Class 11 Physics

# Work Energy Power

## Collisions

Let us consider two masses m1 and m2. Particle m1 is moving with initial speed vi, and particle m2 is at rest. Mass m1 collides with the stationary mass m2. After collision, both the particles fly off in different directions.

### Elastic and Inelastic Collisions

The total linear momentum is conserved in all collisions. In other words, the initial momentum of the system is equal to the final momentum of the system. When two objects collide, the mutual impulsive forces acting over the collision time Δt cause a change in their respective momenta.

Δp1 = F12 Δt

Δp2 = F21 Δt

Here, F12 is the force exerted on the first particle by second particle. F21 is the force exerted on second particle by first particle. From Newton's third law, F12 = - F21. So, the following implies:

Δp1 + Δp2 = 0

But the total kinetic energy of the system is not necessarily conserved. Part of the initial kinetic energy may get transformed into other forms of energy, like heat and sound. When the final kinetic energy is equal to the initial kinetic energy, the collision is called elastic collision. When deformation (due to collision) is not relieved and the two bodies move together after collision, it is called completely inelastic collision. When the deformation is partly relieved and some of the initial kinetic energy is lost, it is called inelastic collision.

#### Collision in One Dimension

Let us first consider a completely inelastic collision. In this case, (in given figure) θ1 = θ2 = 0

m_1v_(1i)=(m_1+m_2)v_f

Or, v_f=(m_1)/(m_1+m_2)v_(1i)

Loss in kinetic energy on collision

ΔK=1/2m_1v_(1i)^2-1/2(m_1+m_2)v_f^2

=1/2m_1v_(1i)^2-1/2(m_1^2)/(m_1+m_2)v_(1i)^2v

=1/2m_1v_(1i)^2(1-(m_1)/(m_1+m_2))

=1/2(m_1m_2)/(m_1+m_2)v_(1i)^2

Now, let us consider an elastic collision. In this case also θ12 = 0. The equation for momentum and KE conservation are as follows:

m_1v_(1i)=m_1v_(1f)+m_2v_(2f) …………..(1)

m_1v_(1i)^2=m_1v_(1f)^2+m_2v_(2f)^2

From these two equation, we get

m_1v_(1i)(v_(2f)-v_(1i))=v_(1i)^2-v_1f)^2

Or, v_(2f)(v_(1i)-v_(1f))=v_(1i)^2-v_(1f)^2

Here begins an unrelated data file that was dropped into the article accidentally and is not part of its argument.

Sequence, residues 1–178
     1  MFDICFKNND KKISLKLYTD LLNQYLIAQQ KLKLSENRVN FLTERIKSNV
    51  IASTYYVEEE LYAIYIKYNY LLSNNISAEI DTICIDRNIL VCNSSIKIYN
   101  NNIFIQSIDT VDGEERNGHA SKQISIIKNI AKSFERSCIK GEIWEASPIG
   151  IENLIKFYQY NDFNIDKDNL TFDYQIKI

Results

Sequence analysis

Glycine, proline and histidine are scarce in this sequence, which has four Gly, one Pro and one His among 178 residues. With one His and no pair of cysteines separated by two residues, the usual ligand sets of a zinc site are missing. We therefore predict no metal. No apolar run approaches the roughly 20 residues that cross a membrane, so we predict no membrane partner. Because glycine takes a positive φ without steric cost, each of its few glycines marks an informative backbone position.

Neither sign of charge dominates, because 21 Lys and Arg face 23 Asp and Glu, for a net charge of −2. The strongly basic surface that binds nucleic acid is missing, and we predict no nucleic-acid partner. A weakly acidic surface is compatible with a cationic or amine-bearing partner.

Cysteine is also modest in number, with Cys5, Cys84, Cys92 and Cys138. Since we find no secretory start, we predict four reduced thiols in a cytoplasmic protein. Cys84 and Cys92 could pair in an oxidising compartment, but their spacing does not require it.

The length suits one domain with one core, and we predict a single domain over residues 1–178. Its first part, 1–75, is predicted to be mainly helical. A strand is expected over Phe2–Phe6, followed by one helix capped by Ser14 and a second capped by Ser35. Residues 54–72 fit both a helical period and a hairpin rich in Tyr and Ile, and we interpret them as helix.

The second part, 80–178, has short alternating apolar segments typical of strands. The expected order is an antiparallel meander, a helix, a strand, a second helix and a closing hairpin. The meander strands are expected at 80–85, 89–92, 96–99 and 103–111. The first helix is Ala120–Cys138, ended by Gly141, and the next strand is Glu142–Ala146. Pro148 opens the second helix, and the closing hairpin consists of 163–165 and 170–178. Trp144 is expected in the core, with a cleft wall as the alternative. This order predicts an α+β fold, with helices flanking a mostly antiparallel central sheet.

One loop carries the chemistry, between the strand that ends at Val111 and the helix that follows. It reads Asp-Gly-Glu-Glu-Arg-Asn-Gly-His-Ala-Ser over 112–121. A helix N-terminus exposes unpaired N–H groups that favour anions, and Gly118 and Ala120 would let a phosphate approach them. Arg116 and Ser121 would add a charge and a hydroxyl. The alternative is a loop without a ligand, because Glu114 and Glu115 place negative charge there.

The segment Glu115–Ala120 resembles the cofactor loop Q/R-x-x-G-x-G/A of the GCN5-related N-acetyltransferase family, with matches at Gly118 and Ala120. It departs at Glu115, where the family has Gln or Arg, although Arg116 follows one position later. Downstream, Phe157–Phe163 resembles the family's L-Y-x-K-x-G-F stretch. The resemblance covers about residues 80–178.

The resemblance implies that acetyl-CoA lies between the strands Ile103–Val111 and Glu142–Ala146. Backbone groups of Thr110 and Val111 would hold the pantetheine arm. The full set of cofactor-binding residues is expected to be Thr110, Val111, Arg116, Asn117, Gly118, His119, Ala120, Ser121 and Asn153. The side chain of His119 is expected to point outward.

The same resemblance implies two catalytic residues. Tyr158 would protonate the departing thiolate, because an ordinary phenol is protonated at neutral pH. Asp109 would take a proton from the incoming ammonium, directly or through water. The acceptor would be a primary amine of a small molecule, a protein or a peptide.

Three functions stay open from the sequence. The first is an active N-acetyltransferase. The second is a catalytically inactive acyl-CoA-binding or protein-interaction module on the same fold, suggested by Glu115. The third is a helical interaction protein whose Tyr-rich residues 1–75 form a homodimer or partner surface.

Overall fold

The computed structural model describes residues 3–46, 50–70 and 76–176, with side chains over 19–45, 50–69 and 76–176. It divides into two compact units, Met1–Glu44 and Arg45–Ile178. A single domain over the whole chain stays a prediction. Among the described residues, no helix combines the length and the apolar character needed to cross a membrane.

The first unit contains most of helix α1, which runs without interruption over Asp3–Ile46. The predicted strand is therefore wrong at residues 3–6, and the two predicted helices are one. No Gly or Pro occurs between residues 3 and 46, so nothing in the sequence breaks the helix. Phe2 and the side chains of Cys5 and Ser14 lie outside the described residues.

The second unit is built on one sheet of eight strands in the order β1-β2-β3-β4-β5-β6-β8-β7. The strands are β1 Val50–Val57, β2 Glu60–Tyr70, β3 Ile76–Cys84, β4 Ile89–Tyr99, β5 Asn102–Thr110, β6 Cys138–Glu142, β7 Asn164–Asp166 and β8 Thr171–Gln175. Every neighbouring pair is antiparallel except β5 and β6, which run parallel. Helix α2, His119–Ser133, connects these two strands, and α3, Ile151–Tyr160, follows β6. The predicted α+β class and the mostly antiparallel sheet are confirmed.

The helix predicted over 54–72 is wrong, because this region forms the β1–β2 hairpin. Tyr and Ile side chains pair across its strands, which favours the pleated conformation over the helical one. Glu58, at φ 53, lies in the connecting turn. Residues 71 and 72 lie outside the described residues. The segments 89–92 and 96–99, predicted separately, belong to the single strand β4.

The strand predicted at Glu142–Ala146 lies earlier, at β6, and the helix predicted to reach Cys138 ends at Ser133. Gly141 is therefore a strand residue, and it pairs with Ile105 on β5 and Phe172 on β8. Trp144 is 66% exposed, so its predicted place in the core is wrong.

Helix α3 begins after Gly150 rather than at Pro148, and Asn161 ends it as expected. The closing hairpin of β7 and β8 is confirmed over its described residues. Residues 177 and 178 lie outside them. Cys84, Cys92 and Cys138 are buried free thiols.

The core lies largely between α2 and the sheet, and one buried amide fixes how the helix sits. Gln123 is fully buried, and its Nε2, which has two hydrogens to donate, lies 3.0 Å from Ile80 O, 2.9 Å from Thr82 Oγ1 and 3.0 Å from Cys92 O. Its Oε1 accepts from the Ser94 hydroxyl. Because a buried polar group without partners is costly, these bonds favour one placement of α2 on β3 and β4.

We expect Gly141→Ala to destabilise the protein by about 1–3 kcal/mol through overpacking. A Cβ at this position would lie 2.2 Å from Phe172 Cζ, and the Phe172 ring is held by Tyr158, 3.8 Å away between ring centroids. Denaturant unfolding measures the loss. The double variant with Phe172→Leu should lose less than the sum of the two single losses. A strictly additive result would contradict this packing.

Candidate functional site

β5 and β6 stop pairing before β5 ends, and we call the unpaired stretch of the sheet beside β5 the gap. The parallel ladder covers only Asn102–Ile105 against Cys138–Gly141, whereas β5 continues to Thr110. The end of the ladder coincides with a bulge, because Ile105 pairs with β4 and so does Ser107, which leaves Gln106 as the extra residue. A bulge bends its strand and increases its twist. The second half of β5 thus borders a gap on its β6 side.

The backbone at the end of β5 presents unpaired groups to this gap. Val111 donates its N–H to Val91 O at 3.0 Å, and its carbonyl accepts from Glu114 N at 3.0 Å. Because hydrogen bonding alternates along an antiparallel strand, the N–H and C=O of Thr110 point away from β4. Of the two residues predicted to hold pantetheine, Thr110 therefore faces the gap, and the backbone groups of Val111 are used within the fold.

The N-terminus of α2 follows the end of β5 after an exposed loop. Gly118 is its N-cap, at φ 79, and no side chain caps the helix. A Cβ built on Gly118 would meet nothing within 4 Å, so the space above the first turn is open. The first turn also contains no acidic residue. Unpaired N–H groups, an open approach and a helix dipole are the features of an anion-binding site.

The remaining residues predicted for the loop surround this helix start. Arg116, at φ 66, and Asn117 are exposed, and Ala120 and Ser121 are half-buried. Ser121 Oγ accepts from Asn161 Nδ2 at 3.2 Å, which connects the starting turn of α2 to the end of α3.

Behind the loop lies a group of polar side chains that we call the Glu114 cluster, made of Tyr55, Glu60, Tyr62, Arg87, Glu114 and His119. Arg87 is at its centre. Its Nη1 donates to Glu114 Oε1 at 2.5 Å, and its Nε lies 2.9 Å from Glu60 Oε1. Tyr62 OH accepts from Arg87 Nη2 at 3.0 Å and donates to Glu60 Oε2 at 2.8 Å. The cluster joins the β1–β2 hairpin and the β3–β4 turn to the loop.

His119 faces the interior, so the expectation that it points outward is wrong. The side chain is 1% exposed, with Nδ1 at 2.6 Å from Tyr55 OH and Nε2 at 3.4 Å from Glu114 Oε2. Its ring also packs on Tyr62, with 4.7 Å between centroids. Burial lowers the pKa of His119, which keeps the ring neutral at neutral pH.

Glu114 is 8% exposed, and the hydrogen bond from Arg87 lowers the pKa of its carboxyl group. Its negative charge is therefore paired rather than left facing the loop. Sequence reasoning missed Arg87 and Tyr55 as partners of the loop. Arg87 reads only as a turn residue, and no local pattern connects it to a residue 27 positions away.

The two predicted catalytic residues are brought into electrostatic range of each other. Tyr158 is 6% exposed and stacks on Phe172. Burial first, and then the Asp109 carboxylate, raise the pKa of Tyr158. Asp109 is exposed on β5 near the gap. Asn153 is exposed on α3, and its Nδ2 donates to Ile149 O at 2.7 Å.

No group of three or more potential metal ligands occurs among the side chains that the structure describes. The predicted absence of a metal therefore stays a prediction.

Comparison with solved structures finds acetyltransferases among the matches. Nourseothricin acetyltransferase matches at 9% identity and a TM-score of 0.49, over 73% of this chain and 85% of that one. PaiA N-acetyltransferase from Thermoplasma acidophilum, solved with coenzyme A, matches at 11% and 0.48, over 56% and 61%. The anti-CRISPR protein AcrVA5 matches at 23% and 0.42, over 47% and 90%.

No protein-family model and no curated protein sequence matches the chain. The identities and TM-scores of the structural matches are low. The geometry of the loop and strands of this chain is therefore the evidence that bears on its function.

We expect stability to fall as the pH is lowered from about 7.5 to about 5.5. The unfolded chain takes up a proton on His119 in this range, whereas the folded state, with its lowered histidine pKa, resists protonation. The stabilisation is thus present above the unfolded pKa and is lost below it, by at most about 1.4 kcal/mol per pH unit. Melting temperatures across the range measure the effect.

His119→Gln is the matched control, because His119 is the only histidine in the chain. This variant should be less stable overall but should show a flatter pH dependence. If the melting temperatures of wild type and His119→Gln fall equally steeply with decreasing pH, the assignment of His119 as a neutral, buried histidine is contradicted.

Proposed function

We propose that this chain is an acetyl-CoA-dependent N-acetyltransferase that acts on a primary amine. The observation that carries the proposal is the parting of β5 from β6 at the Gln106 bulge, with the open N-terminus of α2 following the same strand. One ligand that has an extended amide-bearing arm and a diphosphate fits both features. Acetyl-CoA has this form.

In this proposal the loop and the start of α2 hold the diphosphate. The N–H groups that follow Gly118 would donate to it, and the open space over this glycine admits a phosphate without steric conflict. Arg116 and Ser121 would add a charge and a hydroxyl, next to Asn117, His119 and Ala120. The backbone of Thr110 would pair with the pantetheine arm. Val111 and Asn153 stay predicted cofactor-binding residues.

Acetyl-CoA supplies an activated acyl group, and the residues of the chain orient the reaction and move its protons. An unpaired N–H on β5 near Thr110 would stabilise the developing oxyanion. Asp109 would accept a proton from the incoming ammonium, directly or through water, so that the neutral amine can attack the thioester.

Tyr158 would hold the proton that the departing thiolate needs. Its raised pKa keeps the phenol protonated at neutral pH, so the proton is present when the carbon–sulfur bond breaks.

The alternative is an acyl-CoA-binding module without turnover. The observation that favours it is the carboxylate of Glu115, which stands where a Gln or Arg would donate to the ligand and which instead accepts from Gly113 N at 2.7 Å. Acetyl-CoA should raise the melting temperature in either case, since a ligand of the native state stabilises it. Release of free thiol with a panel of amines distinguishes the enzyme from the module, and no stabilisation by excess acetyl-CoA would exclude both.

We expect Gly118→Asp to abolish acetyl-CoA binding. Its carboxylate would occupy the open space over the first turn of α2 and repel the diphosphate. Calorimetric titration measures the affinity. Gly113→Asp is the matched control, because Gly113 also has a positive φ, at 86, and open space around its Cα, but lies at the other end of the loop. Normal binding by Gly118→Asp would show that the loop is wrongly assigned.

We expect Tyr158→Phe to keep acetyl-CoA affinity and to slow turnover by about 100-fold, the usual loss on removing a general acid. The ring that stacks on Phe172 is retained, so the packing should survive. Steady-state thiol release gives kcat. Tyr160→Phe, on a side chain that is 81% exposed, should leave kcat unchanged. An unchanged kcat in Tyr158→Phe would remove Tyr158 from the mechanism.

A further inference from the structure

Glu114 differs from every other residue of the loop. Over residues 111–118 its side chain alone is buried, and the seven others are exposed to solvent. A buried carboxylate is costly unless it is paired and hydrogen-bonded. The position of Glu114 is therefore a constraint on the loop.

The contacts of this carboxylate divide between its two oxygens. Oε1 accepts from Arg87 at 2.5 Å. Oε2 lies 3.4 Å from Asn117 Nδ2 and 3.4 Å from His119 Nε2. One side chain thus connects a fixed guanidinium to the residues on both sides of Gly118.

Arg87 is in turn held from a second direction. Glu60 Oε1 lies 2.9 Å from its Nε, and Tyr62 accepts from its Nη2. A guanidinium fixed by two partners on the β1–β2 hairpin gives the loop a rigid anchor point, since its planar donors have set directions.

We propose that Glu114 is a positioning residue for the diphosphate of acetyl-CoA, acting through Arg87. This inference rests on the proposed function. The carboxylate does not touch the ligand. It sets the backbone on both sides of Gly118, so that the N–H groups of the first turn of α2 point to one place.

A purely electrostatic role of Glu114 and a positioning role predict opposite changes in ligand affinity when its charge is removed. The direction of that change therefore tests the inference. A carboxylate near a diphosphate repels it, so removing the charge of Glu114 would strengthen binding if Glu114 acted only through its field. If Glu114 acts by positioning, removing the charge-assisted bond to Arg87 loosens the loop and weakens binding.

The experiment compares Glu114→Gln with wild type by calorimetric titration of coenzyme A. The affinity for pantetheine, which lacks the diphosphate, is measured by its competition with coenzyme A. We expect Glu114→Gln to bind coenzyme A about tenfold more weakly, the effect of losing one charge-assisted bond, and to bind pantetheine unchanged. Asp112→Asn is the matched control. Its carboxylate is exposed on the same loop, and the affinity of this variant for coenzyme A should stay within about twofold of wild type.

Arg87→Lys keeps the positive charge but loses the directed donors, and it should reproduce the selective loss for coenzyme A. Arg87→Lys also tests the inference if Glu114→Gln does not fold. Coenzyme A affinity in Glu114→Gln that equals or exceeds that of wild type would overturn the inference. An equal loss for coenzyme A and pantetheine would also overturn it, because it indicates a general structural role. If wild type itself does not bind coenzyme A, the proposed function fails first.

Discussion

=(v_(1i)-v_(1f))(v_(1i)+v_(1f))

Or, v_(2f)=v_(1i)+v_(1f)

Substituting this in equation (1), we get

v_(1f)=(m_1-m_2)/(m_1+m_2)v_(1i)

And, v_(2f)=(2m_1v_(1i))/(m_1+m_2)

Case I: If two masses are equal

v_(1f)=0

v_(2f)=v_1i)

The first mass comes to rest and pushes off the second mass with its initial speed on collision.

Case II: If one mass dominates, e.g. m2 > > m1

v_(1f)∼-v_(1i)

v_(2f)∼0

The heavier mass is undisturbed while the lighter mass reverses its velocity.

#### Collision in Two Dimensions

Let us consider the plane determined by the final velocity directions of two particles and let us say it is the x-y plane. The conservation of the z-component of linear momentum implies that the entire collision is in the x-y plane. The x- and y-component equations are

m_1v_(1i)=m_1v_(1f) co\s θ_1+m_2v_(2f) co\s θ_2

0=m_1v_(1f) si\n θ_1+m_2v_(2f) si\n θ_2

Example: Consider the collision depicted between two billiard balls with equal masses m1 = m2. The first ball is called the cue while the second balls is called the target. The billiard player wants to ‘sink’ the target ball in a corner pocket, which is at an angle θ2 = 37°. Assume that the collision is elastic and that friction and rotational motion are not important. Obtain θ1

Solution: Since the masses are equal to, from momentum of conservation

v_(1i)=v_(1f)+v_(2f)

Or, v_(1i)^2=(v_(1f)+v_(2f))(v_(1f)+v_(2f))

=v_(1f)^2+v+(2f)^2+2v_(1f).v_(2f)

=v_(1f)^2+v_(2f)^2+2v_(1f)v_(2f) co\s (θ_1+37°) …………….(1)

Since the collision is elastic and m1 = m2 hence

v_(1i)^2=v_(1f)^2+v_(2f)^2 ………..(2)

Comparing equations (1) and (2), we get

Cos (θ1 + 37°) = 0

Or, θ1 + 37° = 90°

Or, θ1 = 90° - 37° = 53°

This proves that when two equal masses undergo a glancing elastic collision with one of them at rest, they will move at right angles to each other after the collision.

In everyday life, collisions take place only when two bodies touch each other. But sometimes, we have to deal with forces involving action at a distance. Such an event is called scattering. In such a situation, the velocities and directions in which the two particles go away depend on their initial velocities as well as the type of interaction between them, their masses, shapes and sizes. A comet passing from near the sun is an example of scattering. Another example of scattering is of alpha particle going towards a nuclues and then going away in some direction.